LORD PALMERSTON AND THE PORTUGUESE SLAVE-TRADE.
THE refusal of the Portuguese Government to concur in measures necessary to stop the Slave-trade, extensively carried on under the flag of Portugal—although bound by a convention concluded with England in 1817 to adopt such measures—was the alleged ground of the Slave-trade Suppression Bill, passed at the close of the last session of Parliament. Some of our readers may recollect that we questioned both the justice and policy of that measure. Assuming that the case against Portugal was thirly stated by Lord PALMERSTON and the other supporters of the bill, it was still questionable whether the law of nations authorized the description of interference pro. posed. Moreover, it seemed undignified in England to menace
Portugal with proceedings which she would never veuture to hint. against the United States.
By those, however, with whom these considerations had most weight, no doubt was entertained, that in the conduct ofhis nege. tiations with Portugal, the British Foreign Minister had at least scrupulously preserved that good faith, the breach of which he has puted to Portugal. Great Britain was represented as moving straight to the accomplishment of her philanthropic purpose—Por
tugal as shuffling out of promises, and violating treaties with shameless perfidy. A perusal of the "Correspondence with Foreign Powers relating' to the Slave-trade," published by the British Go. vernment, is calculated to encourage that impression : but it turns out that a most important part of the correspondence \Vial Portugal was suppressed ; and to the papers put forth in his defence by the Portuguese Mhtister we must refer for a development of the real British diplomacy.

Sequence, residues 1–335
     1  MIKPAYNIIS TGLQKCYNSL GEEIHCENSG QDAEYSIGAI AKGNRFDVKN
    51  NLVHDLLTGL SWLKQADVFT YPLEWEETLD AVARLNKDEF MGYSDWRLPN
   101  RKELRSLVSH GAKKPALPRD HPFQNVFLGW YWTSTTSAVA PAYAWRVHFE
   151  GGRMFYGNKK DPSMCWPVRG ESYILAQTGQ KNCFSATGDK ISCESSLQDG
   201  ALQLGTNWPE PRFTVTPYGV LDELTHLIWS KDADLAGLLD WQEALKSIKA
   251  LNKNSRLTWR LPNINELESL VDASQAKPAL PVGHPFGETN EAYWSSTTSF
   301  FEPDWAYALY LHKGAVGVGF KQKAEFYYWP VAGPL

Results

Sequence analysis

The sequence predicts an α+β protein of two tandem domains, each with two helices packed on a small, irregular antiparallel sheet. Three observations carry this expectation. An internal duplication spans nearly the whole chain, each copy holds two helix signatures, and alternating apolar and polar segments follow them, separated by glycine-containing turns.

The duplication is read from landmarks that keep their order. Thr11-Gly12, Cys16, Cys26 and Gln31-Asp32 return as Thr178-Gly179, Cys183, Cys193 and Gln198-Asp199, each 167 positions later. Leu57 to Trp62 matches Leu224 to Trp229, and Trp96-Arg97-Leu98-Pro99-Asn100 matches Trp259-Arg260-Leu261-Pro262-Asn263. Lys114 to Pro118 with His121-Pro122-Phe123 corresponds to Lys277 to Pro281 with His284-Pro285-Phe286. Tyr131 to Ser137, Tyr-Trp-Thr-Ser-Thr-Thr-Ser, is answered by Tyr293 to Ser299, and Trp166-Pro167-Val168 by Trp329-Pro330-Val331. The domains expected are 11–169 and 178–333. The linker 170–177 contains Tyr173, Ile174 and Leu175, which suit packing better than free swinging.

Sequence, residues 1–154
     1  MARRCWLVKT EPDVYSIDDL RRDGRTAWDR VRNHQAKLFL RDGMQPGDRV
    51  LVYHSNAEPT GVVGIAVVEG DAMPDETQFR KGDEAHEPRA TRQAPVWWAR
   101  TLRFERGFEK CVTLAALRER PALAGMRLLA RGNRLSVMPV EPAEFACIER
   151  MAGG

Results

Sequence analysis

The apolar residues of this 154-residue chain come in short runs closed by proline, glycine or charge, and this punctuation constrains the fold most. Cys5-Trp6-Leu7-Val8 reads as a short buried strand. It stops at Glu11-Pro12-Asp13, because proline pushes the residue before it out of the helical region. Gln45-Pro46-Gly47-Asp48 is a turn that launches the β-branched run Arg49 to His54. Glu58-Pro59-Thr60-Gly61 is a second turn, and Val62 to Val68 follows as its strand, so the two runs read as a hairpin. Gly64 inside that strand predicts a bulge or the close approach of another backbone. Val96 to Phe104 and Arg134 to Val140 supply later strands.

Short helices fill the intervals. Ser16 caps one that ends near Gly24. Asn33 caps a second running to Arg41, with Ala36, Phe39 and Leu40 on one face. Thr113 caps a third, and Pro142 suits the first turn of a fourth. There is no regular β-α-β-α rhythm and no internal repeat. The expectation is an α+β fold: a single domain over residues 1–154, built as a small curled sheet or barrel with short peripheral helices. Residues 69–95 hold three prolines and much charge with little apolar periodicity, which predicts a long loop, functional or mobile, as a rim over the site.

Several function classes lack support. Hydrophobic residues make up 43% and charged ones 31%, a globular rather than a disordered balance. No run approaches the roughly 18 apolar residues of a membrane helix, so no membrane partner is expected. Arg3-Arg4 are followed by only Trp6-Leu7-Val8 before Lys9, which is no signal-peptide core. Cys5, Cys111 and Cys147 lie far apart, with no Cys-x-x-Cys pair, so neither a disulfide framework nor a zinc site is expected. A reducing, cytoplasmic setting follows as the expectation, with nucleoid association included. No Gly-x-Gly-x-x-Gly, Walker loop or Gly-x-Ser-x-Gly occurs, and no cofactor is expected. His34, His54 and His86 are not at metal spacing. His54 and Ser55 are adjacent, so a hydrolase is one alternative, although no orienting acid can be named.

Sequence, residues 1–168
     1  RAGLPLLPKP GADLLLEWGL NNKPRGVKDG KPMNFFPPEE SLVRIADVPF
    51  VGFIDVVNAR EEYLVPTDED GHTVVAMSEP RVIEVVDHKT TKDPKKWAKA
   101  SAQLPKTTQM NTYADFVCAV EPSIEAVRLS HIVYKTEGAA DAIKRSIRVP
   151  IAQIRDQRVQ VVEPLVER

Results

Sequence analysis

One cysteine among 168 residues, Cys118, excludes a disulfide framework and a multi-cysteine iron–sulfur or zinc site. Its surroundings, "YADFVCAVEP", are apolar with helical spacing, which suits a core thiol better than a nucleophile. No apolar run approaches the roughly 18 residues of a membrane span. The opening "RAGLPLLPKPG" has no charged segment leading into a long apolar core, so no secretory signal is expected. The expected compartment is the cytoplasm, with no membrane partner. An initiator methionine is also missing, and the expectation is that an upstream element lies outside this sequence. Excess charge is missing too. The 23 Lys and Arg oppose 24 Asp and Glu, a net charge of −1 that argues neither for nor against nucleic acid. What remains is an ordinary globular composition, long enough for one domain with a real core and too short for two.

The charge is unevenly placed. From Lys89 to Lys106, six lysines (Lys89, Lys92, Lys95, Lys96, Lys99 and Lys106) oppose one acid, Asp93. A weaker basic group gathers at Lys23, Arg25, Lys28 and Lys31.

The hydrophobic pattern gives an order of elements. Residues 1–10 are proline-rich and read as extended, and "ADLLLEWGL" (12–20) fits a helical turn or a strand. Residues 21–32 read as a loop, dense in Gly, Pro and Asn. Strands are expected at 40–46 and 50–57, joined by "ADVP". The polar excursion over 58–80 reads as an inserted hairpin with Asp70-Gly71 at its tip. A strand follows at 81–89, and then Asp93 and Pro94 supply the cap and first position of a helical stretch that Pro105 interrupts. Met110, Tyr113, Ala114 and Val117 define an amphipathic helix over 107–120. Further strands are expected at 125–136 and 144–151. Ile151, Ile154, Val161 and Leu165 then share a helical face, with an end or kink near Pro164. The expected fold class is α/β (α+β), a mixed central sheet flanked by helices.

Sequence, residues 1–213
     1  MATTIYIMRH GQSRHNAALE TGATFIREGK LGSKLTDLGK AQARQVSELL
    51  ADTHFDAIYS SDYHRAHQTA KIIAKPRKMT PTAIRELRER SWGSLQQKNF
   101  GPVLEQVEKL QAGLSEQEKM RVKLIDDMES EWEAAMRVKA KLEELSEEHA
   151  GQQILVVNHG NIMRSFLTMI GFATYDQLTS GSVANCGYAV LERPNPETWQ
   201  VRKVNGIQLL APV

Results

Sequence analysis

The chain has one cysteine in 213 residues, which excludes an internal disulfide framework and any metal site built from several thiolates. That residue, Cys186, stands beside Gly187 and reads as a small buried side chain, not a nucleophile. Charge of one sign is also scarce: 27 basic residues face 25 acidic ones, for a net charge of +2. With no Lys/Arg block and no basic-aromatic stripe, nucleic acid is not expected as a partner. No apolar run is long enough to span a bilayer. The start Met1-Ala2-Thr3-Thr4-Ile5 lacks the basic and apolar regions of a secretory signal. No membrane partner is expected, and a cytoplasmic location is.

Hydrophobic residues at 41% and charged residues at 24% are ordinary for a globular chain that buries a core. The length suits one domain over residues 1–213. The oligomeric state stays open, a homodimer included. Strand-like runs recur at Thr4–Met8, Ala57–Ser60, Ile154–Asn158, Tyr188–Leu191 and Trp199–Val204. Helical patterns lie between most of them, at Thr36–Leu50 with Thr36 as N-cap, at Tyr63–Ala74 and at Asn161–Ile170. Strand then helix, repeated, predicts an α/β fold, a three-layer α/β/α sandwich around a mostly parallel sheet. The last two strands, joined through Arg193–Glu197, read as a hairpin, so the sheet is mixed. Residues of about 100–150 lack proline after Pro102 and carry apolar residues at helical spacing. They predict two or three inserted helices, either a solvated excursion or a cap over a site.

It appears from the " Correspondence," that Lord Howson DE Waimea, British Ambassador at Lisbon, was in 1838 and 1839 in frequent communication with Lord PALMERSTON respecting a treaty with Portugal for the suppression of the Slave-trade. The letters which passed are very numerous, and deal much in details. The Ambassador, we may assume, was fully instructed, and even on secondary points acted with the entire approbation of his prin. cipal in Downing Street. Lord PALMERSTON was in the habit of sending to Lord I-TOWARD DE WALDEN not merely drafts or heads of instructions, but " notes" in the precise form in which they were to be presented to the Portuguese Government, desiring Lord Howaan to sign them and keep copies. Lord HOWARD DE WALDEN, so guided and instructed, entered into a lone negotiation with the Viscount SA DA BANDEIRA, President of the Portuguese Ministry, and acting as Secretary of Foreign Affairs. We find copies of numerous letters which passed between them in 1838 and 1839. An important difference arose on the question of declaring slave-trading piracy. The Portuguese Minister was extremely repugnant to this article of the treaty : he objected that the Cortes would not approve of that stipulation, and laboured earnestly to induce the British Government to with. draw it. It appears that on other points there was slight disagreement, and that were this conceded the treaty might be concluded. But it is notorious that all means short of declaring the kidnapping of Negroes to be piracy, are deemed inefficient by the Abolitionist party in England ; and therefore, ostensibly, Lord PALMERSTON insisted upon this article of the proposed treaty with Portugal. We say ostensibly, because it has lately been discovered, that while pretending to urge upon Viscount SA DA BANDEIRA the absolute necessity of conceding this point, Lord HOWARD DE WALDEN (we have aright to assume with the approbation of Lord PALMERSTON) actually suggested to the Portuguese Minister pleas on which to justify the refusal to declare the slave-trade piracy. This charge would be incredible without very strong and direct proof. Galled by the speeches of Ministers and their supporters in the British Parliament, and regarding the Slave-trade Suppression Act as a sore insult, the Baron DA BIREIRA DA SADROSA, successor to the Viscount SA i BANDEIRA, has published the Portuguese version of the negotiation, and retorts upon the British Government the charge a bad faith. Into the detailed examination of the numerous questions involved in the relations between Portugal and Eugland, and brought under review by the Portuguese statesman, we need not enter ; we shall only remark that they throw doubt upon some assertions from Downing Street to which implicit credence is generally given in this country. But the double-dealing of the English Ambassador is exposed by the publication of his own letters. In May 1838, Lord HOWARD DE WALDEN was anxious to proceed to England with the draft of a treaty agreed upon with Viscount SA DA Bassuinea, and urged the completion of